NY Green Bank just closed a $25 million loan for Sunrun Inc., which will accelerate construction of more than 5,000 solar projects at homes across New York State. This loan complements a separate $25 million NY Green Bank transaction with Sunrun, announced by Governor Andrew M. Cuomo last month, which provides longer-term financing following completion of the projects.

Sunrun logoWith both construction and longer-term financing in place, Sunrun will be able to meet the growing demand from homeowners and expand its ability to finance the installation of solar projects in New York State. The loan announced today will pay for the cost of purchasing materials and installing the solar projects. Sunrun designs, installs, finances, insures, monitors and maintains homeowners’ solar panel installations, so families can have more predictable electricity bills for 20 years or more without a high upfront cost.

“This transaction will allow for construction of a significantly larger number of residential solar systems, which drives down system costs and creates jobs for contractors and installers,” said Alfred Griffin, President of NY Green Bank. “It will also encourage other capital providers to more actively participate in the clean energy marketplace, as it drives standardization of residential solar construction financing products.”

RELATED: New York utilities, SolarCity propose landmark partnership 

NY Green Bank’s participation as part of two consortia of capital providers in these two financings with Sunrun will broaden the availability of solar financing for homeowners statewide, in support of Governor Cuomo’s Reforming the Energy Vision (REV) strategy to build a clean, affordable and resilient energy system for all New Yorkers. Under REV, New York State is implementing the Clean Energy Standard, which requires that 50 percent of energy used in the State come from renewable resources by 2030.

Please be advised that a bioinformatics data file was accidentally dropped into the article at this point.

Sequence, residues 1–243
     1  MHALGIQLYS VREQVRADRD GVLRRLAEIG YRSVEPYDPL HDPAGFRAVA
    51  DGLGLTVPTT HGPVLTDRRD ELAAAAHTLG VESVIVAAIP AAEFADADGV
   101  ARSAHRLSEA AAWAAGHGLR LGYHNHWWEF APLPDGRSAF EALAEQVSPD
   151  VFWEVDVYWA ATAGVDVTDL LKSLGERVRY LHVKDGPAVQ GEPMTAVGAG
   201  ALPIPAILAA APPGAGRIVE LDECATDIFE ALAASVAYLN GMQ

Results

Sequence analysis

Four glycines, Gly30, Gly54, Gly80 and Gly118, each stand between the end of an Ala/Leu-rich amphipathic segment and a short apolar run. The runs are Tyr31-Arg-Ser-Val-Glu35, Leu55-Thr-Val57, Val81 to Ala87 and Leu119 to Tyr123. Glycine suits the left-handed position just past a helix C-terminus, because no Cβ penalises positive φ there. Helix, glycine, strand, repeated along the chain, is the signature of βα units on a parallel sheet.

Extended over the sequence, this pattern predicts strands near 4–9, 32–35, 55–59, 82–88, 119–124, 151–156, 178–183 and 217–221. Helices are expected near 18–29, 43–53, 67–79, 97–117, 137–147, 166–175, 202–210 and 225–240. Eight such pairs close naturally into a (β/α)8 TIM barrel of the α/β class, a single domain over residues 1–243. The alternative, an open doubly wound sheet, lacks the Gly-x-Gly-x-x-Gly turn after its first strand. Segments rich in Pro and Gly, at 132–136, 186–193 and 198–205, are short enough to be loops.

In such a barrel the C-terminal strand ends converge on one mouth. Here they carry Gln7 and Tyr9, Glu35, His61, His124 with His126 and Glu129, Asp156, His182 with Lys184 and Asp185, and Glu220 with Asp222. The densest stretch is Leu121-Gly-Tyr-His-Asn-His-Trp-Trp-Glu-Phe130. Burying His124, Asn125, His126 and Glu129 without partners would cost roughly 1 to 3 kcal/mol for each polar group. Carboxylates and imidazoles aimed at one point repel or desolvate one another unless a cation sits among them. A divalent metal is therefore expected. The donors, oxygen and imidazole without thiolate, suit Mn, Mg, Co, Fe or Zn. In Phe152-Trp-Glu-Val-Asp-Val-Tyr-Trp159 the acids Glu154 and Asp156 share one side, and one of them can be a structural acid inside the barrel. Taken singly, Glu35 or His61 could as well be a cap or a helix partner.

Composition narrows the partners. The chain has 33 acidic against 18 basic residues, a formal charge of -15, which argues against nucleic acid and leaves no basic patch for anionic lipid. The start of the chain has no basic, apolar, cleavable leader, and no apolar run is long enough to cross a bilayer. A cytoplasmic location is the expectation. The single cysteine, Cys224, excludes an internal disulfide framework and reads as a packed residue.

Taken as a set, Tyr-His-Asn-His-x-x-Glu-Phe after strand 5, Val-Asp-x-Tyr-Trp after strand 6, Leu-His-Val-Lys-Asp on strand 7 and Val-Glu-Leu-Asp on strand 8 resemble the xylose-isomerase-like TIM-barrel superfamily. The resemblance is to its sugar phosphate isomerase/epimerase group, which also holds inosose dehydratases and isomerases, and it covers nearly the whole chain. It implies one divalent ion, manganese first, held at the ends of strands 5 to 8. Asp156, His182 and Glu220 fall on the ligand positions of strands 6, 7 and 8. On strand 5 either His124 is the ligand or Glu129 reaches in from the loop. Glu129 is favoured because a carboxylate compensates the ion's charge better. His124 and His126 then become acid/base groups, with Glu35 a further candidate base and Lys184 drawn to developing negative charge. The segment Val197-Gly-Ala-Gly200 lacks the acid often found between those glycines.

By providing financial products for solar and other clean energy projects that are not readily available from private lenders, NY Green Bank helps project developers keep up with growing demand, standardizes financing documentation, and overcomes financing barriers that can hamper the growth of clean energy projects.

NY Green Bank is a division of the New York State Energy Research and Development Authority (NYSERDA) and a key component of New York’s 10-year, $5.3 million Clean Energy Fund (CEF) to accelerate the use of clean energy, reduce greenhouse gas emissions, increase energy efficiency, and spur economic development in New York State.

John Rhodes, President and CEO, NYSERDA, said, “Many solar developers face the challenge of securing sufficient financing to meet customer demand, which hampers their ability to grow and drive a larger number of projects to completion. This transaction demonstrates the state’s investment in advancing Governor Cuomo’s clean energy goals.”

The nine NY Green Bank transactions closed to date total $121 million stimulating $518.3 million in clean energy projects in New York State. These projects are expected to reduce lifetime greenhouse gas emissions in New York State by more than 2.9 million metric tons, which is equivalent to taking more than 37,000 cars off the road for 17 years.

— Solar Builder magazine